Welcome to the fifth and final part of this ongoing series of posts on how to write your non-profit organization’s annual resource development plan. As I’ve previously mentioned, this series was inspired by how many DonorDreams blog readers were clicking on the “Time to start writing your 2015 resource development plan” post, which I wrote a year ago.
Let’s quickly recap where we’ve been in the last few weeks with this series:
Today’s post is all about tying up a few loose ends with regards to process. Enjoy!
Let’s bring this entire series of posts full circle by going back to something I said in both the first and fourth posts, which was:
“S/he who writes the plan, owns the plan. And s/he who owns the plan is the only person who will care enough to implement the plan.”
The Board of Directors
Please keep in mind that “planning” is a key role/responsibility of your non-profit board. With this in mind, the task force / committee I suggested you recruit in the first blog post does not have the authority to make your written resource development plan “the law of your non-profit kingdom”. Only the board can do so, which means they better have a seat at the planning table and participate.
Of course, the reality of the situation is that asking ALL of your board volunteers to sit down and develop a comprehensive fundraising plan is not likely going to happen. However, it might not need to if your planning process is designed appropriately.
Consider these two scenarios:
Scenario #1: The committee develops the draft resource development plan, and the board uses a planning retreat to become familiar with, discuss implementation, and take ownership of the plan
Scenario #2: As the committee completes various draft sections of the plan, those pieces are included on board meeting agendas where generative discussions are facilitated and board feedback is looped back into the committee’s revision process
Personally, I’ve seen both of these approaches work, and I suspect there are many other ways to engage board volunteers in taking ownership. If you’ve had success with another process, please scroll down and share your experiences in the comment box section of this blog.
The Strategic Plan
While most resource development plans are aligned exclusively with the organization’s annual budget, it is important not to forget about the strategic plan.
As with everything in life, ideas need money and the same is true for your strategic plan. Make sure that the strategies and tactics in your strategic plan find a place in your annual budget. This way when your annual resource development plan is aligned with revenue side of your annual budget, then everything will exist in harmony.
Another alignment consideration is to make sure the planning committee is knowledgeable of all resource development related strategies and tactics in the strategic plan. This will increase the likelihood that those items will get integrated into this planning document and take a form with more depth and detail.
Alignment isn’t just for cars. It is equally important for organizations, too.
Annual Performance Plans
Just a few quick words on this subject.
As I mentioned in the previous section about strategic plan alignment, your resource development plan should also align with both your executive director fundraising professional’s annual performance plans.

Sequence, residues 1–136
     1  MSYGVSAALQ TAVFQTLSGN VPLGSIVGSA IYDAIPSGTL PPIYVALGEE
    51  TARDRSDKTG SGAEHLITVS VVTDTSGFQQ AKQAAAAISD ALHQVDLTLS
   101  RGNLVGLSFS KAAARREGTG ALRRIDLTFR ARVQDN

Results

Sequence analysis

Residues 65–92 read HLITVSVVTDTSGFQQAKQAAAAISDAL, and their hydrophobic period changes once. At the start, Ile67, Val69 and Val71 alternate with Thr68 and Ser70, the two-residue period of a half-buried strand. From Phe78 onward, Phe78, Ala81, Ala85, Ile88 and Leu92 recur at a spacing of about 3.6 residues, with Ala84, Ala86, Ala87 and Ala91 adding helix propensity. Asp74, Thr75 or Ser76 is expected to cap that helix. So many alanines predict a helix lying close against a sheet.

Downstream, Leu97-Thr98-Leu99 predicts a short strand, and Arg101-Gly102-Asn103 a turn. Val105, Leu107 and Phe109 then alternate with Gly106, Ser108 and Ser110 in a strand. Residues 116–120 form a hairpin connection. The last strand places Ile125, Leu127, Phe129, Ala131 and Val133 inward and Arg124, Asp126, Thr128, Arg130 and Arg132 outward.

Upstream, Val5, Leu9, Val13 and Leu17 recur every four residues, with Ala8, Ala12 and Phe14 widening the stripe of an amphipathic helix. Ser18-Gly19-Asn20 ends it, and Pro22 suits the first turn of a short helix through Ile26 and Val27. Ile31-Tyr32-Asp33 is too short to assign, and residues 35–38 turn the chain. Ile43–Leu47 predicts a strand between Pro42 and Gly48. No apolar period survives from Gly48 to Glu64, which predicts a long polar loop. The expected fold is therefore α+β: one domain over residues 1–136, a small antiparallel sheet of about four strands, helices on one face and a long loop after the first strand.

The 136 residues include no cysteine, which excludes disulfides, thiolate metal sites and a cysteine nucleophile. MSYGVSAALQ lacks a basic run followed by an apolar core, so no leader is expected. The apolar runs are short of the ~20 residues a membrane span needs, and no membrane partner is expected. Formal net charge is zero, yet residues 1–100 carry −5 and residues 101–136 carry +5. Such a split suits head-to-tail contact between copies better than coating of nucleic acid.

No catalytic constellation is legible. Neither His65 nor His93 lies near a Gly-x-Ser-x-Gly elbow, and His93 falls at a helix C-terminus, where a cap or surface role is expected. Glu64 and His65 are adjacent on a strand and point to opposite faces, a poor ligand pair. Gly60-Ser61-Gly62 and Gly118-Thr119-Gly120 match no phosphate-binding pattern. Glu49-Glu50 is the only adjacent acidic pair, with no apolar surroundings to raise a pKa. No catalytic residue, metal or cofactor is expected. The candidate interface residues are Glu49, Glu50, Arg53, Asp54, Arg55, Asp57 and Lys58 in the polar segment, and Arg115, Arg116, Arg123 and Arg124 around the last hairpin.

If you want to increase the likelihood that your plan gets implemented, then hold someone accountable for it.
Kinda simple, don’t you think?
The only word of caution here is that the board of directors needs to understand that alignment at this level doesn’t absolve the board of their role in implementing the plan.
Think of it this way . . . staff support the board who in turn make the plan come to life.
Monitoring & Evaluation
How many times have your developed a plan, adopted it, put it on your organizational bookshelf, and watched it collect dust? Unfortunately, this is all too often a common occurrence.
There are many ways to keep a plan alive and on track including:
- post-event / post-campaign critique meetings and evaluation
Before developing any of these tools, it is important to sit down and decided what are the most important things to measure.
When it comes to campaigns or events, the following are a few metrics many organizations appear to track:
- Board solicitation phase – actual vs. goal
- Community face-to-face solicitation phase – actual vs. goal
- Targeted mail solicitation phase – actual vs. goal
- New donor acquisition – actual vs. goal
- Donor renewal – actual vs. goal
- LYBUNT renewal – actual vs. goal
- Individual volunteer solicitor progress – number of pledge cards assigned vs. number of worked & returned cards
With regard to your overall resource development program, the following are a few metrics I’ve seen some organizations track:
- # of donor solicitations
- # of cultivation calls
- # of stewardship contacts
- donor retention / donor turnover (e.g. LYBUNT, SYBUNT, etc)
- goal vs actual on various revenue streams (e.g. grants, major gifts, annual campaign, special events, etc)
Phew . . . this five part blog series has come to a merciful end. Hopefully, your organization is well underway with its resource development planning efforts. Please share your thoughts and experiences in the comment box below. We can all learn from each other.
Here’s to your health!
Founder & President, The Healthy Non-Profit LLC